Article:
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M.V.M.O. Satanic Ritual Abuse (SRA) hoax


Island of Lewis, Scotland

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bullet "...a social worker or police officer starts asking leading questions and this then sets off a whole series of speculations.'' Forensic criminologist Bill Thompson
bullet "It was like a 17th-century witch hunt." Ian Campbell, falsely accused of SRA.
bullet "...allegedly engaging in devil worship, group sex with children, and the ritual sacrifice of animals..." Part of the charges against seven adults.

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During the 1980s and early 1990s, many accusations of Multi-Victim, Multi-Offender (M.V.M.O.) child sexual abuse including Satanic Ritual Abuse (SRA) were lodged against pre-schools, Sunday schools and individual families throughout the English speaking world. The first case was an alleged sex-ring among families in Bakersfield, CA. The second was probably the most infamous case; it involved the McMartin Pre-School in Manhattan Beach CA. Similar cases emerged elsewhere in the U.S., and then in Canada, Australia, New Zealand, the UK, and a few other European countries. Many dozens of adults were convicted and imprisoned for crimes of which they were innocent. In fact, there is abundant evidence that the events for which they were charged never actually happened. Accusations were generated as a result of improper interrogation techniques used on very young children. By asking direct questions repeatedly, young children can be expected to disclose events that are completely unrelated to real events. They mirror the beliefs and expectations of the interrogators.

A team of child psychologists could go to any area of the world, interview young children with improper techniques, and be certain of uncovering accusation of entire networks of Satanists abusing children. Yet physical evidence which would have been present if the abuse had really happened would be non-existent. If modern interview techniques are used, disclosure of SRA abuse rarely if ever surfaces.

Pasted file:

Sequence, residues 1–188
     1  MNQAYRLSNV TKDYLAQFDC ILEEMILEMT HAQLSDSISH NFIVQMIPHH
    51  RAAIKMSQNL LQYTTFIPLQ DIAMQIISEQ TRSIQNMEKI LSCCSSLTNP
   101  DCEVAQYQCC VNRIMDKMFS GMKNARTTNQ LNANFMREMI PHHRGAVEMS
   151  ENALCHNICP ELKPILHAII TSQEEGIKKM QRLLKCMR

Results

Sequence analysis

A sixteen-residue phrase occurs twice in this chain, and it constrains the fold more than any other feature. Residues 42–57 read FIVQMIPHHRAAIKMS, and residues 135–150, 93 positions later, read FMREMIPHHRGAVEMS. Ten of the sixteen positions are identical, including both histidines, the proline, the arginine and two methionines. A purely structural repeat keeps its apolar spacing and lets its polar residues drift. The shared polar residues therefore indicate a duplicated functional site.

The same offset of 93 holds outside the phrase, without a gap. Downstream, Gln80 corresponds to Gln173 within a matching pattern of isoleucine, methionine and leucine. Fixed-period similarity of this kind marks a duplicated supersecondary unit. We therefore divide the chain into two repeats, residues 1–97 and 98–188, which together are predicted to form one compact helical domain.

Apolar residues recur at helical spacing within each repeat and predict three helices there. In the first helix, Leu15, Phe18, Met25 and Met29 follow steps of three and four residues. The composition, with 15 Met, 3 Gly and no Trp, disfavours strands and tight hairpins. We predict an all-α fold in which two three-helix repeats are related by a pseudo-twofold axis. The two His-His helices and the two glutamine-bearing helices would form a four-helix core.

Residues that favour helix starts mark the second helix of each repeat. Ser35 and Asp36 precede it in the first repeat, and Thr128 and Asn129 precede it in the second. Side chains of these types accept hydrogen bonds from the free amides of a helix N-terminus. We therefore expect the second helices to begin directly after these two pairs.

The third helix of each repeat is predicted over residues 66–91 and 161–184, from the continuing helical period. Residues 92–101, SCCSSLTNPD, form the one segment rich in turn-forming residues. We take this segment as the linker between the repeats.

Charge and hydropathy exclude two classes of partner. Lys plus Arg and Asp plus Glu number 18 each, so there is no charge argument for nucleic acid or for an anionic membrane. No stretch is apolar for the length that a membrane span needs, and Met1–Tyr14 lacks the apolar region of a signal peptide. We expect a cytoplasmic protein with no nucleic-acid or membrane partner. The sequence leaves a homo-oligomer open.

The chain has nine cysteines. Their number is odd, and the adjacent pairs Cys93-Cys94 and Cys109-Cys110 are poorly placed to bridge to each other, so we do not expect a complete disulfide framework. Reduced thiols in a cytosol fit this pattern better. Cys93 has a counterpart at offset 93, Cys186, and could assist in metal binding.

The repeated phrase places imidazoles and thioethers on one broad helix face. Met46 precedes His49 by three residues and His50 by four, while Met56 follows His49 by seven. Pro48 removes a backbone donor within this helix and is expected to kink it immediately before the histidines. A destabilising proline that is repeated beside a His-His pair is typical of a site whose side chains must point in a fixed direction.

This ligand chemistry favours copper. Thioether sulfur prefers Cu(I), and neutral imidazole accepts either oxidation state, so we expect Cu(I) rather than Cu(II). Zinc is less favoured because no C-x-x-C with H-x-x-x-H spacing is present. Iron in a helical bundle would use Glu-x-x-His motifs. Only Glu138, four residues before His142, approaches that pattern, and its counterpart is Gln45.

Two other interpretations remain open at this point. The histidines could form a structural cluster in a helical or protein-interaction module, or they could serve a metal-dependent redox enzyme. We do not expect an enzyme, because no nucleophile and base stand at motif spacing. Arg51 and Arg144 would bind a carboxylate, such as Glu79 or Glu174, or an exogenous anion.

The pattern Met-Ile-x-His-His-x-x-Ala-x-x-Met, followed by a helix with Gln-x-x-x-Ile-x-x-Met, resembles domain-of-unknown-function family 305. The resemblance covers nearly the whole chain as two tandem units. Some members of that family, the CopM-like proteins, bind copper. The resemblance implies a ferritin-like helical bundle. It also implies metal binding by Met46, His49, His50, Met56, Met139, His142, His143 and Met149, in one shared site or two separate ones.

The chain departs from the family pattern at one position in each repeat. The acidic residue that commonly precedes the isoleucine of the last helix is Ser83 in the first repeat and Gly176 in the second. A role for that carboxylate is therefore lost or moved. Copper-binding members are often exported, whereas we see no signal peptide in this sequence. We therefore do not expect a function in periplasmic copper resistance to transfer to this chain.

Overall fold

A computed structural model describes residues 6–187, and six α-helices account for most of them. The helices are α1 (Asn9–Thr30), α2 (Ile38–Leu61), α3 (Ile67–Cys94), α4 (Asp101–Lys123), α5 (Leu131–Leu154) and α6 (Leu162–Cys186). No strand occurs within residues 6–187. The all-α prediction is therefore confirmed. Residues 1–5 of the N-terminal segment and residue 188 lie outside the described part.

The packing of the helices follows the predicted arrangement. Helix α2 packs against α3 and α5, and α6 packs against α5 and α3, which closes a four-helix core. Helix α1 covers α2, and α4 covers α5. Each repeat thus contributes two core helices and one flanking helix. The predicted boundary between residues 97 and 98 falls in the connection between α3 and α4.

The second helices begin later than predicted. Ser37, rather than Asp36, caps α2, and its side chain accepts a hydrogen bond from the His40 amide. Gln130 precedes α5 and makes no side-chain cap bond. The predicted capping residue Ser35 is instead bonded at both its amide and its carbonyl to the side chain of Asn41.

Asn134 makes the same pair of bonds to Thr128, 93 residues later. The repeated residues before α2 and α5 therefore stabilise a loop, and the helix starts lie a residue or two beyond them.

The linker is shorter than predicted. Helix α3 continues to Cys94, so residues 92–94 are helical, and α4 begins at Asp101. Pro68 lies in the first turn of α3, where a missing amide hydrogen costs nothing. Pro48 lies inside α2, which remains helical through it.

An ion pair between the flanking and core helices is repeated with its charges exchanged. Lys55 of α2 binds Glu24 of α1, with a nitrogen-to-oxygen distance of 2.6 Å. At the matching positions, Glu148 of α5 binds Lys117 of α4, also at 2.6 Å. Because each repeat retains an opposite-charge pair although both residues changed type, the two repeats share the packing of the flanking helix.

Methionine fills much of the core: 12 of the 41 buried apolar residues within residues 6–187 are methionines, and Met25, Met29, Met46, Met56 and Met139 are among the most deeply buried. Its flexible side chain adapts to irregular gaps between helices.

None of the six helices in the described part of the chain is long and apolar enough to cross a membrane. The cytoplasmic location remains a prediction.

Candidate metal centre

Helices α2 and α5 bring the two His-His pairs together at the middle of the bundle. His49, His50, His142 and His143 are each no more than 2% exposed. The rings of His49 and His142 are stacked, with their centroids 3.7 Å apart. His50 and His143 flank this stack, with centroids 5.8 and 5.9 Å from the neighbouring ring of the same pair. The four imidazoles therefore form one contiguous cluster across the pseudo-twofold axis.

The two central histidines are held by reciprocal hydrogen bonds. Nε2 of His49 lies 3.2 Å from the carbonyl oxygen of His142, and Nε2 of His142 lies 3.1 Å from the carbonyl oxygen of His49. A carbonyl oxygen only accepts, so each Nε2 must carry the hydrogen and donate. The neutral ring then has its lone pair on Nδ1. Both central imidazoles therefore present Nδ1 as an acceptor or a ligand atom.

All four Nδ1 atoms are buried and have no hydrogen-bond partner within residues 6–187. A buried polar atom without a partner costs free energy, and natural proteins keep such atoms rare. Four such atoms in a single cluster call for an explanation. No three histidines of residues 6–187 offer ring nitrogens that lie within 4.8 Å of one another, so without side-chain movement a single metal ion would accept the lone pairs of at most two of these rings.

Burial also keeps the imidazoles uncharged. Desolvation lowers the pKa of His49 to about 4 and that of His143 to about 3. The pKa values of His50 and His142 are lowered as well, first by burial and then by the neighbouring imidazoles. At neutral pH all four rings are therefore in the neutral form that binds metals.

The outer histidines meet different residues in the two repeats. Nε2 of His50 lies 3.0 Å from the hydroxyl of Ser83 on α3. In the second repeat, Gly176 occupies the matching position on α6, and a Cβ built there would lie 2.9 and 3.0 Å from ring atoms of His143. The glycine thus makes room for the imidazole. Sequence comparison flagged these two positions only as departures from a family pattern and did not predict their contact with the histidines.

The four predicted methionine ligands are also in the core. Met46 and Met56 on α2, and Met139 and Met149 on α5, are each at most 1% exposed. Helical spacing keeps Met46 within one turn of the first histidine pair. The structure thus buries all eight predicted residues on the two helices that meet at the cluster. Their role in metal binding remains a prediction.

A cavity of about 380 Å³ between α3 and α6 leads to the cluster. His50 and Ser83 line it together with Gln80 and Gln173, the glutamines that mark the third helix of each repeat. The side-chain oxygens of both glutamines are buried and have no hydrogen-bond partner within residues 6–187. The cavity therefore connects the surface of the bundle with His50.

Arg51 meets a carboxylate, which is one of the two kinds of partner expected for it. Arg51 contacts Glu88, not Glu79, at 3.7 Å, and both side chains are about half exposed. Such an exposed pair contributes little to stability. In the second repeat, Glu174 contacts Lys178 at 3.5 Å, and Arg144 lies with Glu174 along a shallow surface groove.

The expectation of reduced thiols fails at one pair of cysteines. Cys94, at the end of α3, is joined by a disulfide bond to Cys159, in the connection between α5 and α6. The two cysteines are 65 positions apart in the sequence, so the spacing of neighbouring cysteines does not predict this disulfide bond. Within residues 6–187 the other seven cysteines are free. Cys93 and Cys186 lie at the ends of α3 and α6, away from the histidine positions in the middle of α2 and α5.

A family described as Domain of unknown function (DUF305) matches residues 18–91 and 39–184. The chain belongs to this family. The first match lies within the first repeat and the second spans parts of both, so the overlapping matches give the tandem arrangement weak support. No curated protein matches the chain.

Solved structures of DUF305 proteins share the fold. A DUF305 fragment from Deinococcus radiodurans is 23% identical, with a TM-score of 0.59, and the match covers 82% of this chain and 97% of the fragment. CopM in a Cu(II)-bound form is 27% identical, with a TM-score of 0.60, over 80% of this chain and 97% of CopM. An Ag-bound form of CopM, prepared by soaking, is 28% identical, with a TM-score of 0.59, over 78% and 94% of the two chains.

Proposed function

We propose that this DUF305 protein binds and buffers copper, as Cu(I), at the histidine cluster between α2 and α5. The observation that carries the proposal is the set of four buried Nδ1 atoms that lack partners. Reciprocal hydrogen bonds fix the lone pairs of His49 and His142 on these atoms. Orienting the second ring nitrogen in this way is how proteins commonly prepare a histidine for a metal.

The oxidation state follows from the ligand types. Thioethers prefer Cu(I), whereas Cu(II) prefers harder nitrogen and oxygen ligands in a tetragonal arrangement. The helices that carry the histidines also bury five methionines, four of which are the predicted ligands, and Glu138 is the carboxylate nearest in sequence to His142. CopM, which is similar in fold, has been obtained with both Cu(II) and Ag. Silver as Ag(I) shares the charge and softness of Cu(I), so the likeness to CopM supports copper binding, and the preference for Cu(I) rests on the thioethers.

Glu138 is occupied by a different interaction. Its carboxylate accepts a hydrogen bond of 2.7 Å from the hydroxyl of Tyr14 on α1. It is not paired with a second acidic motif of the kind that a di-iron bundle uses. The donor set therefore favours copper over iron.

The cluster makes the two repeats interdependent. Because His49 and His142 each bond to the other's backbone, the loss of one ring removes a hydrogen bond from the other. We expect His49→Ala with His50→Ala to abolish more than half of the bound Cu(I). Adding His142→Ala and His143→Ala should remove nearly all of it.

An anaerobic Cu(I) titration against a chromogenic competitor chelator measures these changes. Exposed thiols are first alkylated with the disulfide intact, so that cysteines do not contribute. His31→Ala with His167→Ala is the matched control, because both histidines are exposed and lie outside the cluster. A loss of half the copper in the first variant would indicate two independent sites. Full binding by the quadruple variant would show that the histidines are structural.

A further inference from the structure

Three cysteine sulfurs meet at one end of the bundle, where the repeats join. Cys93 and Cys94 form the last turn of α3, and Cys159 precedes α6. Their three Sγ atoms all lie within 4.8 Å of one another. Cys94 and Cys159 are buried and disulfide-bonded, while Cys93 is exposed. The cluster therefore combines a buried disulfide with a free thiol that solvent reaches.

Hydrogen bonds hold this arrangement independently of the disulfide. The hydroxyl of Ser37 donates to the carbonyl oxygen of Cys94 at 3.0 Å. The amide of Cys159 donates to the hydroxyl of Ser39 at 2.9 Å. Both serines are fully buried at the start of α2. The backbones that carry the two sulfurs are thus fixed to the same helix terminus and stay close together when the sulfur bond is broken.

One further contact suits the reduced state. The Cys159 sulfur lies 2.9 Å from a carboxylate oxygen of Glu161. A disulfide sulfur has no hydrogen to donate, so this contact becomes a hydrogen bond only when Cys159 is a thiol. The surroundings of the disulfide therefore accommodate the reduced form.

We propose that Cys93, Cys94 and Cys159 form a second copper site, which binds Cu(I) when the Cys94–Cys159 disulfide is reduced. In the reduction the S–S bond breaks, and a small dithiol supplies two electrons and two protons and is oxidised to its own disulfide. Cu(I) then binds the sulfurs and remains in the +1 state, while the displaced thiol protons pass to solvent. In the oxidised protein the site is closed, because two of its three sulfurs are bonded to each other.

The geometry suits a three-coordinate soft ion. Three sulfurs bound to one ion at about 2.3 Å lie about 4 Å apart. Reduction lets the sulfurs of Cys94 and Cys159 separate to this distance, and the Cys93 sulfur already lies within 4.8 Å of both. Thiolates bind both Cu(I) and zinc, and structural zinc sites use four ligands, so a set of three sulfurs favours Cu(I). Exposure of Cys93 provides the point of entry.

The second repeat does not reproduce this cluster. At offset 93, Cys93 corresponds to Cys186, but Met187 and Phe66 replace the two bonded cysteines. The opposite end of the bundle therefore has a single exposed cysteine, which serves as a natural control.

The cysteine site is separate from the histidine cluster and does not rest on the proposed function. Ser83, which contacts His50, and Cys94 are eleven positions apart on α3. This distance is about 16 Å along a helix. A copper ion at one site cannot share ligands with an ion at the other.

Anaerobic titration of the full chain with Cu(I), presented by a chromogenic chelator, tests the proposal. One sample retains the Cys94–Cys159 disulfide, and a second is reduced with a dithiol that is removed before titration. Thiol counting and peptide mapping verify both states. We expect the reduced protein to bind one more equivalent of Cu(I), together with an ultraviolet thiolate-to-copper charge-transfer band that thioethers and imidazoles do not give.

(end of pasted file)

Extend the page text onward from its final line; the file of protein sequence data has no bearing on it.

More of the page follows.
By the mid 1990s, almost all child psychologists, child protective service officials, and police investigators in the English-speaking world had learned of the dangers of traditional but then discredited interviewing techniques when used on young children. They had learned safer methods. Accusations of M.V.M.O. crimes and SRA evaporated.

Many investigators had assumed that SRA hoaxes would never materialize again. They were wrong. Belief in evil, underground, secret, inter-generational, internationally organized Satanists still exists -- primarily among two groups: a minority of feminists and some conservative Christians. In the fall of 2003, disclosures of SRA emerged once more. This time, it was in the relatively isolated island of Lewis, off the west coast of Scotland.

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Topics discussed in this section:

bullet About the island. Accusations of ritual abuse
bullet Charges dropped. Were the children abused?
bullet Aftermaths of the arrests. Subsequent developments

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Web sites dealing with false accusations and the Satanic Ritual Abuse hoax:

bullet Diane Vera, "Against Satanic Panics" at:
bullet Penny Campbell, "Victims fight back" at:

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Site navigation:

Home > Conflict/fear menu > Ritual Abuse > Cases > here

or: Home > Hot topics > Ritual Abuse > Cases > here

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Copyright 2004 to 2006 by Ontario Consultants on Religious Tolerance
Originally written: 2004-JUL-9
Latest update: 2006-APR-29
Author: B.A. Robinson

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